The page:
|a town in W central England, in W Worcestershire, on the River Avon: scene of the Battle of Evesham in 1265 (Lord Edward's defeat of Simon de Montfort and the barons); centre of the Vale of Evesham, famous for market gardens and orchards. Pop: 22 179 (2001)|
|an arrangement of five objects, as trees, in a square or rectangle, one at each corner and one in the middle.|
|a stew of meat, vegetables, potatoes, etc.|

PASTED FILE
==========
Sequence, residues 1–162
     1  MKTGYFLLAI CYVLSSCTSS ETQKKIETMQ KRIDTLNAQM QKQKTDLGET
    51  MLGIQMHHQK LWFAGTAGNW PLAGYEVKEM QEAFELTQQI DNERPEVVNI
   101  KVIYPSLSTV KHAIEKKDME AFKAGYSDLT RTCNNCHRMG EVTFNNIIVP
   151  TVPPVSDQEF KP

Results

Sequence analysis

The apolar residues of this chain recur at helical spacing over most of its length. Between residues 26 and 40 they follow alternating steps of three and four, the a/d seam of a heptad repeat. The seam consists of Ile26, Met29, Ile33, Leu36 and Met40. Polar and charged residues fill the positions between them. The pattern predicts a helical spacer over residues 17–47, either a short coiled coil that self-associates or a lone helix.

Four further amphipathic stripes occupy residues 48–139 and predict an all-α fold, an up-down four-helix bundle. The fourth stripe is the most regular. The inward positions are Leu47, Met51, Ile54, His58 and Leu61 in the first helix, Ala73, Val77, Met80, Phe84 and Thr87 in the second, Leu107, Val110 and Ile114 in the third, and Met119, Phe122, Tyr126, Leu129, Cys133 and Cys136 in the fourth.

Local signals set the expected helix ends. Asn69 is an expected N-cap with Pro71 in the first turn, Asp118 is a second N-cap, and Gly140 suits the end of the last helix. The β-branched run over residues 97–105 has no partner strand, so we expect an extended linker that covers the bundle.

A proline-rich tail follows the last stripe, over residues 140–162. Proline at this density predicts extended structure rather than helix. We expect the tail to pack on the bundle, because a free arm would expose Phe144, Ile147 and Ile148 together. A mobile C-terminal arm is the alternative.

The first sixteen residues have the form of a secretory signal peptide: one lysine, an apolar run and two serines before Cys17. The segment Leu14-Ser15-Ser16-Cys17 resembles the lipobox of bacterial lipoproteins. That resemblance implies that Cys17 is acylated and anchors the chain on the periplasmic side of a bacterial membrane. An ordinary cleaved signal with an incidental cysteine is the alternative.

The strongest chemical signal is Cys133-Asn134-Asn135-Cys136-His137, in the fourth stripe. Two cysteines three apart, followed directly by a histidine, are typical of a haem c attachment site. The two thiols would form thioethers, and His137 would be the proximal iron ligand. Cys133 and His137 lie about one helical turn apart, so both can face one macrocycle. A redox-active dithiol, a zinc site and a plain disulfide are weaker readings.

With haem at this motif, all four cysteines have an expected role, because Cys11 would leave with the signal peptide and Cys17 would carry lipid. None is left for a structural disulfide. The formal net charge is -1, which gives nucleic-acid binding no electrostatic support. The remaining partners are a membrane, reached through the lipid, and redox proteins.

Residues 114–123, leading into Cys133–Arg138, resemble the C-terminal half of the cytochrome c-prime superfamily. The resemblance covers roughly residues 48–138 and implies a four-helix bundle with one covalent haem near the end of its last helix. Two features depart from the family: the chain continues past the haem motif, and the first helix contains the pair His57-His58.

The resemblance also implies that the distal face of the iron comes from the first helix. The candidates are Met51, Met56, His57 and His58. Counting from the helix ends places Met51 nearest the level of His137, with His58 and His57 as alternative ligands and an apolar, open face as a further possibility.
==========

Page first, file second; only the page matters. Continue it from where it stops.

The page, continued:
town ("parish") located in Wychavon district, administrative and historic county of Worcestershire, west-central England, on the right bank of the River Avon. Evesham is an agricultural centre situated in the middle of a fertile vale that has become an important fruit-growing area. The medieval town grew beside the abbey (established in the 8th century), and the town was controlled and patronized by the abbot until the dissolution of the monasteries (1536-39), when the abbey was almost completely destroyed. On the ridge north of the town in 1265, Henry III's son (later Edward I) intercepted the army of Simon de Montfort, who was defeated and killed. The town's market rights date from 1055, and it was incorporated by James I in 1604. Pop. (2001) 22,179.
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